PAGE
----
5 Actual Self Care Practices for Cannabis Consumers - 420 Science

5 Actual Self Care Practices for Cannabis Consumers

A recent High Times article highlighted several self-care activities to do as a cannabis consumer in the L.A. area. The thing is, what if you don't live in L.A? Or what if you're not into this hyper-CBD world and you're not in the market for a CBD haircut? Everyone wants to treat themselves once in a while, so here are five actual self-care practices you can do from the comfort of your home.

1) Breathing. Literally.

It's as simple as taking a breath: one of the easiest ways to practice self-care is breathing. We forget our lungs never stop working (and they're working a little harder if you're consuming cannabis), so give them a chance to recover and practice some Mindful Breathing. If this requires too much effort, then take in some fresh air once in a while and thank your lungs for the job they're performing to keep you alive. Inhale the good sh*t, exhale the bullsh*t.

2) Exercise.

We're not suggesting jumping into the middle of a Crossfit workout. Those folks are intense (and yes, some of us are crossfitters.) But we are proposing that getting your body moving more than a walk from the couch to the car is essential. Going for a walk is an excellent start to physical wellness, says the CDC:

If you’re not sure about becoming active or boosting your level of physical activity because you’re afraid of getting hurt, the good news is that moderate-intensity aerobic activity, like brisk walking, is generally safe for most people.

Yoga – despite the overdose of Lululemon stores everywhere – is a perfect way to jump-start your physical fitness regimen. It's not all ohms and vegans (with no disrespect to either); there are classes designed to practice in chairs for people with decreased mobility, and there are even yoga classes with free beer after. Not only are you focusing on breathing (!) and form, but you're toning your body and flexing muscles you may not have used in a while.

There are tons of free running/walking/fitness groups out there!

3) Journaling/Being Creative

"When we are involved in creativity, we feel that we are living more fully than during the rest of life...” said Psychologist Mihaly Csikszentmihalyi in his TED talk from 2004. With an uptick in adult coloring books and paint-and-sip/smoke classes offered, it's easy to see that kids aren't the only ones who enjoy utilizing their right brain. Here's a great way to start – print out an adult coloring page!

Crayola offers a variety of visually inviting designs, and a quick internet search can help you find many more. If coloring isn't your style, perhaps journaling is the way for you. Try a free-writing exercise first: put pen to paper and write down everything that comes to mind for 2 minutes. If you get stuck, write down the word 'blah' until the next thing comes to you. When time is up, see what you've put down. If you'd still like to go on, continue! If not, there's always paintball art.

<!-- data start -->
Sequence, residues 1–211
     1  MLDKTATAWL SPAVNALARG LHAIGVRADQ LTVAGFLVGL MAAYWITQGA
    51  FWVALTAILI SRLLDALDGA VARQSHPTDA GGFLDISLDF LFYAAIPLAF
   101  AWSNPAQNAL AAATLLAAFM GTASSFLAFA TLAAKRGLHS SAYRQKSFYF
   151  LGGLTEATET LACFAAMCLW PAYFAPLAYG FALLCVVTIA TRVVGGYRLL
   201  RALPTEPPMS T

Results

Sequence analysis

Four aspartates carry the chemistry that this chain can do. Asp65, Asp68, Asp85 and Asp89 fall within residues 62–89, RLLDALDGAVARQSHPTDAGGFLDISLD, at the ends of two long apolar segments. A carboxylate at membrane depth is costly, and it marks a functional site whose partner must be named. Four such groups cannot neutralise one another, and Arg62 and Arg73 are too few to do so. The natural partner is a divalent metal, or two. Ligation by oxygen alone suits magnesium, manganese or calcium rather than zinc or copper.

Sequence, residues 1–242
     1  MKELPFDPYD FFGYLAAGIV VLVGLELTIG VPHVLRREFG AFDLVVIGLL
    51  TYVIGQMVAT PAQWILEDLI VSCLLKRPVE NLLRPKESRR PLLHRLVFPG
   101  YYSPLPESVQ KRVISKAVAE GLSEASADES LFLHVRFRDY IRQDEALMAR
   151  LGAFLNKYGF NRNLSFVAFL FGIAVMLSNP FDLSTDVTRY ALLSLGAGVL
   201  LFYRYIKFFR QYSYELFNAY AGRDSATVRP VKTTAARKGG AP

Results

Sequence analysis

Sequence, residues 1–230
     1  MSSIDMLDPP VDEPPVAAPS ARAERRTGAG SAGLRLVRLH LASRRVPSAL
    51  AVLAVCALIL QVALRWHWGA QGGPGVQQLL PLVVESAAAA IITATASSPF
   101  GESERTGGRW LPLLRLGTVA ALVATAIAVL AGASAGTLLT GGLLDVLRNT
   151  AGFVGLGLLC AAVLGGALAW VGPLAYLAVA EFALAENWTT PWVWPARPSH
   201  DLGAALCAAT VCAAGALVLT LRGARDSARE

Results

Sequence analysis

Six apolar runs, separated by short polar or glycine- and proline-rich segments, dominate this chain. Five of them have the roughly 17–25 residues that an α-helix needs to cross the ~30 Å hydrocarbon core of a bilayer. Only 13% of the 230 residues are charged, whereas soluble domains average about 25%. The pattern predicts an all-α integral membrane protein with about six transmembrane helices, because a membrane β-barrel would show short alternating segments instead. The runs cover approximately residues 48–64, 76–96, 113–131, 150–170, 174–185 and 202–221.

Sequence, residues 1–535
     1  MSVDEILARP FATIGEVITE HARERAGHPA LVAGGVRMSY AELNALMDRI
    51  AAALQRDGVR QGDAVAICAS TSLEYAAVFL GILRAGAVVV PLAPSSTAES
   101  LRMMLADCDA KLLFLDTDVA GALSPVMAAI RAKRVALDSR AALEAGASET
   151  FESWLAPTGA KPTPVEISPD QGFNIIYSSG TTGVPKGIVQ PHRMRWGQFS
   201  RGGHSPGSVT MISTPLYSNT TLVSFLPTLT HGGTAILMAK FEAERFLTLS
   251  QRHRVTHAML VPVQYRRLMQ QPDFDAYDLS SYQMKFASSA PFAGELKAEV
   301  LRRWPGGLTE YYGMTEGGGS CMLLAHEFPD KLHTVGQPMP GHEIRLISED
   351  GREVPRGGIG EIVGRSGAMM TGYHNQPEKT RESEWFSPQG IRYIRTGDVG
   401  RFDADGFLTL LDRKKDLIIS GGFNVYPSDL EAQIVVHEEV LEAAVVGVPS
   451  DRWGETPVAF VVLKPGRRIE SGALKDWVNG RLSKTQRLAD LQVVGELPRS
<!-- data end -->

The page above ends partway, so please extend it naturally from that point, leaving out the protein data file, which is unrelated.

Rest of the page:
4) Eat Healthy(er)

It's super easy to fall into the rut of junk munchies. Trust us; we're pros. But the truth is we all know eating bad food is bad for us. Duh. So, the next time you head to the grocery store for your snack fix, think a little differently. Walking the outside edges of the grocery store is a fantastic way to find fresh, healthy and delicious options. Looking for a cookie rather than an apple? Fine with us.

Don't be afraid of the kitchen and try this oatmeal cookie recipe from Alton Brown. If you don't trust A.B., that's on you, my friend. And, yes, you can bake. It's possible. Cooking is also a great way to flex your creativity, and it doesn't have to cost a fortune either. We highly recommend Budget Bytes for economical recipes that taste great.

5) Pet An Animal

Yes, it sounds as silly as it seems, but studies show that hanging out with animals does wonder for your mental health. Studies show that "87% of people who owned a cat felt it had a positive impact on their wellbeing, while 76% said they could cope with everyday life much better thanks to the company of their feline friends." Now, you might not be a cat person, but if those standoffish felines can help improve your mood to that degree, it might be wise to find that friend with an animal and give them a call!

People who owned pets also felt that "caring for a pet also gives your day purpose and reward, and a sense of achievement. It also helps you feel valuable and needed." Now, don't just run out and get that parakeet you've had your eye on, make sure your life has time for whatever sort of pet you may be interested in having in your life because they should be your companion and not just another stressor.

Not everyone lives that Los Angeles lifestyle, nor should they. If it's not for you, it's not for you. But we hope these at-home self-care practices give some start to a better you. It may be July, but that doesn't mean you can't start a resolution today!

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